13. 13. Pattern as Decoration Islamic spiritual art does not allow the incorporation of imagery, so pattern is used to convey spiritual principles. This is a detail of a wall from the Alhambra in Spain, one of many, each with complex multi-layered patterns that appear to mimic aspects of the natural world.
  14. 14. Pattern as Decoration Victorian Philanthropist’s Parlour, Yinka Shonibare 1996-1997. From webexhibits: "Shonibare uses a batik fabric that has African characteristics. However, instead of originating in Africa, the fabric was invented in Indonesia, and the batik printing technique was industrialized by Dutch colonizers in the mid-19th century. Soon after, the British began to produce the fabric in Manchester for West African markets. Shonibare buys his batik from the Brixton market in London. Therefore, Shonibare addresses the (mis)perceptions and the questionable origins of art that is interpreted as “African.” In Shonibare’s work, the fabric comes to symbolize the complex history of Western colonialist exploitation in African countries."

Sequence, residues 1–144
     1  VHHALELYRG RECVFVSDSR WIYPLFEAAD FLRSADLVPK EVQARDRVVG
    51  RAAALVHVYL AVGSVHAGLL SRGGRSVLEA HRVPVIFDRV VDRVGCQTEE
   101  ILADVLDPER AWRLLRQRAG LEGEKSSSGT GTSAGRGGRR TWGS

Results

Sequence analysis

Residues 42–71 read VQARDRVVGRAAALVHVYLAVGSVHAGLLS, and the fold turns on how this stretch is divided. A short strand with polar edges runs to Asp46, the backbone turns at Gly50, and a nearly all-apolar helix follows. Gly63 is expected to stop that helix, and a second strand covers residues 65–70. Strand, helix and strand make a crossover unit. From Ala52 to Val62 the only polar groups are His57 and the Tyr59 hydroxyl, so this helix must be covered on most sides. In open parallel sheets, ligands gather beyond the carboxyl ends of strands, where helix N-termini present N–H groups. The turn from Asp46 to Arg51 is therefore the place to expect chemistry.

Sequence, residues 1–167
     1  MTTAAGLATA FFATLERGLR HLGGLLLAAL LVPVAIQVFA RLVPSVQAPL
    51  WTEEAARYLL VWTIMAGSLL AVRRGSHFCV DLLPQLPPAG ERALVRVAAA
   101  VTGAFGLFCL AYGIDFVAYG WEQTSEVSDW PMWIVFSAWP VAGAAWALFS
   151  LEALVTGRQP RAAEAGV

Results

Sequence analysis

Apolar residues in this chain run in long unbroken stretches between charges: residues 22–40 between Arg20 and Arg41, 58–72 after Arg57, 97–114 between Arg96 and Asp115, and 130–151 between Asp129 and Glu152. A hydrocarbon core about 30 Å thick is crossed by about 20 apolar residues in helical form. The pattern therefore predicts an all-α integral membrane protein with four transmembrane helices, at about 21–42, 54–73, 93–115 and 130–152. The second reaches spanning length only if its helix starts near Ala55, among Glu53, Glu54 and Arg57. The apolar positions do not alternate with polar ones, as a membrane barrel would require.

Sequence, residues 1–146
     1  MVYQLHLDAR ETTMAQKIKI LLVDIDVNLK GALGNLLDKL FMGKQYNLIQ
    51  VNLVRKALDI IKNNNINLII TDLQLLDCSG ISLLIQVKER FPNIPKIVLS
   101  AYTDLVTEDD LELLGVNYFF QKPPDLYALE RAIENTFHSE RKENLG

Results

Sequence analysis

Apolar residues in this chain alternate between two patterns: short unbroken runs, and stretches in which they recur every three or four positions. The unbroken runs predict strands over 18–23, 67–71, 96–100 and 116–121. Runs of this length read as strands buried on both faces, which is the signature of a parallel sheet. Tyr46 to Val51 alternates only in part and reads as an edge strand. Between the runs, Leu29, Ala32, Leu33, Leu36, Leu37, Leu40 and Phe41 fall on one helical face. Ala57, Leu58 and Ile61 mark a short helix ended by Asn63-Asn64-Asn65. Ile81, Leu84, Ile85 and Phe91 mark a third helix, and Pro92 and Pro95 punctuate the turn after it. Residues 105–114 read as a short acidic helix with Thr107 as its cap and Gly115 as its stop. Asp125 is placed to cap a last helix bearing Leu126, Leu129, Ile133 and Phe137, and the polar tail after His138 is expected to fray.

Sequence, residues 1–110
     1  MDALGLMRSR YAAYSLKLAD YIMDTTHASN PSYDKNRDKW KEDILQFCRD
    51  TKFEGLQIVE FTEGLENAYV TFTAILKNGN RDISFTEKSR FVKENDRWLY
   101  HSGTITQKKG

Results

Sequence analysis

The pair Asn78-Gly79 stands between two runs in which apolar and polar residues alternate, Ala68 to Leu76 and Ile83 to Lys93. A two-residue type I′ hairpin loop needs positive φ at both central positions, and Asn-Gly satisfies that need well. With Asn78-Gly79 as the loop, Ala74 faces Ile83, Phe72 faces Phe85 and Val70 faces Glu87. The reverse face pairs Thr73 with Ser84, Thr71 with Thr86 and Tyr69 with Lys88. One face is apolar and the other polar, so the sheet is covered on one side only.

15. 15. Rhythm  Rhythm is like pattern, in that the same elements (i.e.shape, line) are repeated; however, with rhythm there are slight variations in the pattern.  Rhythm is easily perceived but complex and subtle. Think of water on a beach; it continually breaks on the shore in lines that are repeated, yet each one is different.  . Rhythms can be broadly categorized as random, regular, alternating, flowing, and progressive.
  16. 16. Kinds of Rhythm Random Rhythm Groupings of similar motifs or elements that repeat with no regularity create a random rhythm. Pebble beaches, the fall of snow, fields of clover, herds of cattle, and traffic jams all demonstrate random rhythms. What may seem random at one scale, however, may exhibit purpose and order at another scale. Golconde, René Magritte oil on canvas, 81 x 100 cm 1953
  17. 17. Kinds of Rhythm Regular Rhythm Like a heart or song with a steady beat, regular rhythm is created by a series of elements, often identical or similar, that are placed at regular or similar intervals, such as in grids. Simple regular rhythms, if overused, can be monotonous. Chuck Close - Self Portrait 2007 Screenprint, 2007, Screenprint in 187 colors, 74.5 x 57.8 in.